Medications can be powerful tools that can be used to help an individual get through even the toughest parts of their recovery journey. However, even properly prescribed medications are not a quick fix when it comes to overcoming addiction or coping with mental health disorders.
Rather, medication-assisted therapy (MAT) is a precise treatment process that may not apply to everyone, depending on their unique symptoms or goals. Understanding the purpose behind MAT and how to approach the topic in a safe and informed manner can help a person determine if such a route is appropriate for them. It can also better direct them to their own, effective recovery strategies.
What Is Medication-Assisted Therapy?
Medication-assisted therapy (MAT) is a therapeutic approach that uses various medications to help an individual better manage symptoms of addiction or mental health recovery. However, the medications used can have a myriad of different intended effects. It is important to discuss with professionals openly and honestly about one’s physical and emotional needs to identify the best medication for one’s diagnosis.
MAT is not a “miracle cure” for addiction or mental health disorders. It is intended to be used in conjunction with psychotherapy (“talk therapy”) and other therapies. MAT is an option for those who may need help in balancing their emotions, managing withdrawal symptoms, or coping with various mental health concerns such as anxiety, depression, schizophrenia, and more.
However, this approach may not be the right path for each person, and it is up to the individual and professionals to decide if MAT is the best route to recovery. Some may greatly benefit from this type of therapy. Others may be adversely affected by it or it may be unnecessary as one continues to develop effective coping strategies and embraces effective cognitive-behavioral therapies.
There are a number of different factors to consider before pursuing MAT to ensure that an individual is approaching this form of treatment with reasonable expectations. MAT is not intended to be a replacement for therapy. One’s use of medication to help quell whatever symptoms ail them is not intended to be the sole permanent fix to any single aspect of one’s recovery.
Overcoming addiction requires a great deal of work using multiple approaches. One’s recovery may still include residential treatment, sober living programs, and outpatient group or individual therapy to maintain this sober mindset and develop coping strategies.
Likewise, one’s bouts with depression, anxiety, bipolar disorder, and more will still require cognitive-behavioral therapy (CBT) and various other approaches in order to fully develop into an effective coping strategy. The use of medication is in no way intended to be a shortcut or replacement for these other therapeutic approaches. Considering MAT as a way to supplant these other therapies or as a “shortcut” to recovery can lead to a plethora of detrimental outcomes.
Get Together With Supports
Starting MAT can be intimidating. While it can greatly improve a person’s treatment outcomes, it is possible that certain medications can affect an individual in unexpected ways or cause side effects that need to be monitored. Getting together with mental health professionals to discuss the potential side effects and any other information surrounding its use can help to prevent unintended or dangerous side effects from MAT.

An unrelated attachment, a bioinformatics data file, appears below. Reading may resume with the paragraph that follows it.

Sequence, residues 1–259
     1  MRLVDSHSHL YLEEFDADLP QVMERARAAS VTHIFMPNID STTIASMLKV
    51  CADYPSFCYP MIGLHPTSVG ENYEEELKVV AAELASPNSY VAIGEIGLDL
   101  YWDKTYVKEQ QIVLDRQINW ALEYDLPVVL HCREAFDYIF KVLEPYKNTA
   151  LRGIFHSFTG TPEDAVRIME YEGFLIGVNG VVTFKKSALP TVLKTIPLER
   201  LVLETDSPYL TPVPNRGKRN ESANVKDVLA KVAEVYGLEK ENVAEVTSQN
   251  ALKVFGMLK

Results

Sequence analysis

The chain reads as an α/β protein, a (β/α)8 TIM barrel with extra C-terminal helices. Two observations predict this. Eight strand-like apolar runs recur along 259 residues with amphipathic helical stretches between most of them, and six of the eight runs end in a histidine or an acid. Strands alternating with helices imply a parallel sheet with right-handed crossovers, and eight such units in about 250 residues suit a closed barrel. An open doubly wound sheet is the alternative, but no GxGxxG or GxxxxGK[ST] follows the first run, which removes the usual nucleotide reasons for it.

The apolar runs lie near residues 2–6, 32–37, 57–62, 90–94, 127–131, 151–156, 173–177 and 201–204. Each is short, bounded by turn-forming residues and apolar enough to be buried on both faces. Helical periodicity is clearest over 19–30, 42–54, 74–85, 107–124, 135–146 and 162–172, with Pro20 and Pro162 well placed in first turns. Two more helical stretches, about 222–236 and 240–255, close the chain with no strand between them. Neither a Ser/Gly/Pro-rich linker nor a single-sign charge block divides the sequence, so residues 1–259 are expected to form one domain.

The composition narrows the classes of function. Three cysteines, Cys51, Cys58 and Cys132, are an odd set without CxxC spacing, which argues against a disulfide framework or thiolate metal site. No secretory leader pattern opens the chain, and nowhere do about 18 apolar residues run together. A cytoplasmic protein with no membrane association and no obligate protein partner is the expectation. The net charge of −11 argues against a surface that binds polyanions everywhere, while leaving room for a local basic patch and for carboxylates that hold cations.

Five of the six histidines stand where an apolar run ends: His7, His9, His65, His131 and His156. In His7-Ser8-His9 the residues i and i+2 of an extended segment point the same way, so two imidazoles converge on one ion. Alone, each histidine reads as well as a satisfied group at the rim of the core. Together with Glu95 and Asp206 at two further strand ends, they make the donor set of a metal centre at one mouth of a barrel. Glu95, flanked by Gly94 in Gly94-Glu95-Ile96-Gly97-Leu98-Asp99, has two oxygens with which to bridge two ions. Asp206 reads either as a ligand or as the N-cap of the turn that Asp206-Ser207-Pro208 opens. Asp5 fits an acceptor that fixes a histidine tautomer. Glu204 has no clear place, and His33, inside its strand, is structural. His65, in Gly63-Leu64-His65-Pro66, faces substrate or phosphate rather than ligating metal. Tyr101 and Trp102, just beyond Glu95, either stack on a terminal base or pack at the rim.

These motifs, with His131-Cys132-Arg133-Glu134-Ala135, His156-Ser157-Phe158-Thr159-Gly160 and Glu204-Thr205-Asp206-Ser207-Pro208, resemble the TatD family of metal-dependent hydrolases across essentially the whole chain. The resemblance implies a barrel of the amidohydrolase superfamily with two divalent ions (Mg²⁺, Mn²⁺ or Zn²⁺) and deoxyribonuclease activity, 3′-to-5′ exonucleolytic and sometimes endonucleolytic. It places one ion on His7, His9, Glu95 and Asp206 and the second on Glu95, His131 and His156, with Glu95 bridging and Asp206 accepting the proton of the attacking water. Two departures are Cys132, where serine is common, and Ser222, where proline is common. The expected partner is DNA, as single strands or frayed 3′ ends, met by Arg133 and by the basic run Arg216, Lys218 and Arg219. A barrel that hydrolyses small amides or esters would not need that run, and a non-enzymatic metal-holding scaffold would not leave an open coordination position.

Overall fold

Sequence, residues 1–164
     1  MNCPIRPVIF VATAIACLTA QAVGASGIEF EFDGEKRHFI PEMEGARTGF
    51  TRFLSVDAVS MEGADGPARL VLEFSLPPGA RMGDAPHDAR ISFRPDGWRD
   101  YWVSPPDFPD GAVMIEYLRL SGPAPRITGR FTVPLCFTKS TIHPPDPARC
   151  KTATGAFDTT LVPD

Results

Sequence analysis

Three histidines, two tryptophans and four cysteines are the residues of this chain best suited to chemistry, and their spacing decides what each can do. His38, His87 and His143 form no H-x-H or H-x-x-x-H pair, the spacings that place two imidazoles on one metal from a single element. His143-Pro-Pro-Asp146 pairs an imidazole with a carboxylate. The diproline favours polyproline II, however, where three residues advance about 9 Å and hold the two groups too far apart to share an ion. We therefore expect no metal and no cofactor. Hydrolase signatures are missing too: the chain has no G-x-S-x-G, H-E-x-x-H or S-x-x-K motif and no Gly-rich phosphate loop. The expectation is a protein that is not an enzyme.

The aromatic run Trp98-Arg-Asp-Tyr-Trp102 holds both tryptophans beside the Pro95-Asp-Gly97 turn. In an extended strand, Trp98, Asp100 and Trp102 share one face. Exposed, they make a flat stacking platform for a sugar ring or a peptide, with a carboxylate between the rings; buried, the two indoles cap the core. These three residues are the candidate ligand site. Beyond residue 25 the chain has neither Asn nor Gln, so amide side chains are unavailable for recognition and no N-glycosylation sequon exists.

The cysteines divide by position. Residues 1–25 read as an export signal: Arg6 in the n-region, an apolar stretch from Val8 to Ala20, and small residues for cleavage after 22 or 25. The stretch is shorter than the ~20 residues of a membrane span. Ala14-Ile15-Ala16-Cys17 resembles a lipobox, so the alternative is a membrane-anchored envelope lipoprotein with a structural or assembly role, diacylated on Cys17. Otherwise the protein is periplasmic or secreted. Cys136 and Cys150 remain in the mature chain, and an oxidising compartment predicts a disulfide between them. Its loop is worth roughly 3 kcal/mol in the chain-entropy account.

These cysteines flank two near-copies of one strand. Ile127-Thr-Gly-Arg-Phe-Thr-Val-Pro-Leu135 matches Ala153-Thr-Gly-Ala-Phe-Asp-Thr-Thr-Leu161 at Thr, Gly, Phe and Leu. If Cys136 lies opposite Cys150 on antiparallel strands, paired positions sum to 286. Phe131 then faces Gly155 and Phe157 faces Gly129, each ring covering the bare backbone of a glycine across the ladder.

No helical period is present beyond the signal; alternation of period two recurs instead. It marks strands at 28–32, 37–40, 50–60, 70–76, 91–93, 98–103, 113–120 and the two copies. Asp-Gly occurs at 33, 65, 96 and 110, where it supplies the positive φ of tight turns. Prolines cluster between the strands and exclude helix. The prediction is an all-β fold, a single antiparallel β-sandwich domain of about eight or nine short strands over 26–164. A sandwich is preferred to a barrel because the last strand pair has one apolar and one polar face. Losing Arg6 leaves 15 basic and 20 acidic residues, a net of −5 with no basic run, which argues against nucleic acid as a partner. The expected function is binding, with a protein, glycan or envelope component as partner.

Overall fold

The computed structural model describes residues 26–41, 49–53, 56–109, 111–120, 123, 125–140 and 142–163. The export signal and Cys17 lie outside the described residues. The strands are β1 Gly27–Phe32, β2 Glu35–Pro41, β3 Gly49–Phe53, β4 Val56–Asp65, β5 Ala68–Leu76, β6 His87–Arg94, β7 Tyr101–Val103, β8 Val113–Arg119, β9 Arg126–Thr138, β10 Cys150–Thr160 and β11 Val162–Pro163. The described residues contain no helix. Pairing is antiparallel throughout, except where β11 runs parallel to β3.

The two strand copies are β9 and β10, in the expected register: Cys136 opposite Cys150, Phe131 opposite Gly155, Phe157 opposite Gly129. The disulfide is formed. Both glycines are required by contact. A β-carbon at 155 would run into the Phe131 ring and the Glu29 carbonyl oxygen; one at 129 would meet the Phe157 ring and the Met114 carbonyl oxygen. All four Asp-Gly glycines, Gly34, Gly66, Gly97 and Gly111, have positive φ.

Having an outside perspective on how medication has affected a person can also be beneficial for monitoring the effects of MAT. For example, a friend or sober peer may notice if a medication is causing the person to be more depressed or if they are exhibiting unusual behaviors. This outside perspective can help determine if the medication is appropriate for that person or if adjustments need to be made.
Try setting goals with one’s supports and professionals, journaling one’s feelings after beginning a prescription, and discussing the overall effects, both positive and negative. Doing so can all help to ensure that one’s engagement with MAT produces a positive outcome.
Setting Goals for MAT
Not all who engage in MAT will necessarily be using it for the rest of their lives. For some, MAT may be used to ease withdrawal symptoms during detox. Others may be looking for a way to help quell the compulsive thoughts and actions that come with an obsessive-compulsive disorder (OCD).
Being able to address one’s mental health issues through MAT can open the door for a person to be more receptive to other therapies. These can include group therapy, cognitive-behavioral therapy (CBT), or eye movement desensitization and reprocessing (EMDR) therapy.
Using medication as a bridge to better engage with one’s recovery goals can be a healthy way to approach MAT. Medication-assisted therapy is not meant to serve as a crutch or replacement for therapy in one’s recovery journey, but it can help get a person on track for a successful and lasting recovery.
Medication-assisted therapy (MAT) is just one treatment option available at Everlast Recovery Centers, and we are prepared to help you understand and approach MAT in an educated and informed manner. Your time with us can be personalized to fit your needs. Our caring professionals are ready to guide you through each stage of your recovery, from detox and residential care, to preparing you for life outside the recovery sphere as an alum. Several therapies are available, such as art, yoga, cognitive-behavioral therapy, EMDR, mindfulness practices, and much more, all of which can be backed with education and medication, as needed. Our home-like atmosphere is curated to ensure that you feel comfortable and able to focus on your own healing, all while surrounded by like-minded peers and professionals helping you navigate your weaknesses and bolster your strengths. For more information on how we can help you or a loved one, call (866) 388-6925 to speak to a caring staff member today.